3. Consistency – all communications (reports, results) must be delivered in a consistent manner: same time frame, format, benchmarks and structure. This will help the client and agency to understand recommendation, requirements, improvements and work more seamlessly together.
  4. Relevance – any recommendations made within maintenance/optimisation must be relevant to the client and the campaign. The recommendations must also be achievable within the remaining budget.
  5. Budget – to ensure the maintenance/optimisation budget doesn’t disappear to fund additional media or other creative ideas, it must be included in the original estimate and signed off by the client. This ensures that the campaign will be remembered and not just put on the ‘set and forget’ shelf.


The set-up/maintenance strategy is extremely important, particularly now with the current economic downturn. The best and worst thing about interactive is it’s accountability and we can justify why we recommend doing things and what the direct impact is on our clients results.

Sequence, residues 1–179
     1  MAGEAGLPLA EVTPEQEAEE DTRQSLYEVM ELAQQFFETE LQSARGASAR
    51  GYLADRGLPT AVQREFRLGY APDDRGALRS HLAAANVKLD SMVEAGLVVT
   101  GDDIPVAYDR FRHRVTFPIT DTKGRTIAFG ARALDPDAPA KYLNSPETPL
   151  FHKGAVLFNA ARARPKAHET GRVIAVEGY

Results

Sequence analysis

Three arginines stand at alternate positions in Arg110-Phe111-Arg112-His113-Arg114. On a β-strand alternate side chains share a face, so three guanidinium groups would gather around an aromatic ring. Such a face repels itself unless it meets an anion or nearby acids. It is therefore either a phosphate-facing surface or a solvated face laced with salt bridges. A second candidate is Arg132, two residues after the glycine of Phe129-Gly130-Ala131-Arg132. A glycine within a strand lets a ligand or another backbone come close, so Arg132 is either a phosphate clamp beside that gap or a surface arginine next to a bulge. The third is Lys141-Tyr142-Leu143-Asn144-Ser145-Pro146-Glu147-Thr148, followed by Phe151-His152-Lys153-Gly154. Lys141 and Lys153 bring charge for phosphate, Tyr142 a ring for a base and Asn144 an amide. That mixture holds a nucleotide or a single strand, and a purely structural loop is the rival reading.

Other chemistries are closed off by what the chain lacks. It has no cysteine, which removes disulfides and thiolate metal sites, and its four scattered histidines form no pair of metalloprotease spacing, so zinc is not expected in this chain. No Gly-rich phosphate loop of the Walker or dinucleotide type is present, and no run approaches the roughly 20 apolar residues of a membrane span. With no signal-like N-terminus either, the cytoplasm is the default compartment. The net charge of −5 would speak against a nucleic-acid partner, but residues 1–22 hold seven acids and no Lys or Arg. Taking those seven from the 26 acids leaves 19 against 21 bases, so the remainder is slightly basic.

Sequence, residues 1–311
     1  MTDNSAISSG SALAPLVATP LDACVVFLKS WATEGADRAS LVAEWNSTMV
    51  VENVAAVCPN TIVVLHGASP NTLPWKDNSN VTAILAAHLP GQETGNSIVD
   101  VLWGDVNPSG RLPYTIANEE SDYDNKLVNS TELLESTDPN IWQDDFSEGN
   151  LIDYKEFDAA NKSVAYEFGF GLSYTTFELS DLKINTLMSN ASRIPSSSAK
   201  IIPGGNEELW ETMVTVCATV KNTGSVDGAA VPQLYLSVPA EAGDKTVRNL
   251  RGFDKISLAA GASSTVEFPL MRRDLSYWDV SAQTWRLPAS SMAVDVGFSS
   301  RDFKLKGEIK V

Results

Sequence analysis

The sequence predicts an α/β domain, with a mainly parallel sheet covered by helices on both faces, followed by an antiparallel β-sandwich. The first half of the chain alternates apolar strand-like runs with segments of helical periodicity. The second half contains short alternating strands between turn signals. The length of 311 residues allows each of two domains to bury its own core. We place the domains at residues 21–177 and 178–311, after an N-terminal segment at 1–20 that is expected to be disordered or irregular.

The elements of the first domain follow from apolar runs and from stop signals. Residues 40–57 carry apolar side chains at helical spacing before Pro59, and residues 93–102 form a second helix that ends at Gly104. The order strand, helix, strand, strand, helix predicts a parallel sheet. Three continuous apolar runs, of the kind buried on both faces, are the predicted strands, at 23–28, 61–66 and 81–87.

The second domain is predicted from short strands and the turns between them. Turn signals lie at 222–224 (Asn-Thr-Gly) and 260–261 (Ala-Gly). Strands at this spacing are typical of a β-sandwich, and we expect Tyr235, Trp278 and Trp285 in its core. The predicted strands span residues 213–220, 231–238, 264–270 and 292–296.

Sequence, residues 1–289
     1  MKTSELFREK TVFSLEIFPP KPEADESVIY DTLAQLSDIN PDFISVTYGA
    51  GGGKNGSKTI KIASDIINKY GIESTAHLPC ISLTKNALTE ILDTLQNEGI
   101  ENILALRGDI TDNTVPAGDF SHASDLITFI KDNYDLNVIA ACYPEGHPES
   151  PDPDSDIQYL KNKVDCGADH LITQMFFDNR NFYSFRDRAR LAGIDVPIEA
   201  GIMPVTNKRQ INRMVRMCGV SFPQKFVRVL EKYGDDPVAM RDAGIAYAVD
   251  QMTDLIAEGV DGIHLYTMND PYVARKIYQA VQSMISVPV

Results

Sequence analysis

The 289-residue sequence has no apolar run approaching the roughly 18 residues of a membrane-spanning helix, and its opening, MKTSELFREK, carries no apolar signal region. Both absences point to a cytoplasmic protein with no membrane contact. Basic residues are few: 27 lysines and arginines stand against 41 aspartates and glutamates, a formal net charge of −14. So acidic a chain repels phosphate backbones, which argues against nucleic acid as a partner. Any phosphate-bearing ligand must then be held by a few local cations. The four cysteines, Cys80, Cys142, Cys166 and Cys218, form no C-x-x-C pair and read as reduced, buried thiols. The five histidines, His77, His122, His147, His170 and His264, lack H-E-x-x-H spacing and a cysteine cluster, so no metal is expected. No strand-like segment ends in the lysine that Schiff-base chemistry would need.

Written by Dominique Hind.

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Think about the consumer – hero the search box

Google have trained us to be impatient. We go to a website and expect to find the information we want or something that will lead us to the results quickly. If we don’t get what we expect, we start to get annoyed and bounce off the site looking somewhere else for the information we need. More often than not, we bounce to a competitors website. If they have the information we need, we stay and research more. If not, we continue the search pattern until we find what we need.

As consumers, we know our own site behaviour and research habits, so why isn’t that influencing us in our website designs. Both agencies and clients get so caught up in making sure the site is pushing the best creative or as much copy as we can rather than thinking about the consumer. The consumer is the real reason we build sites and when they arrive at a site, normally, want to get in and get out of a site really quickly (with a better understanding about the product/service).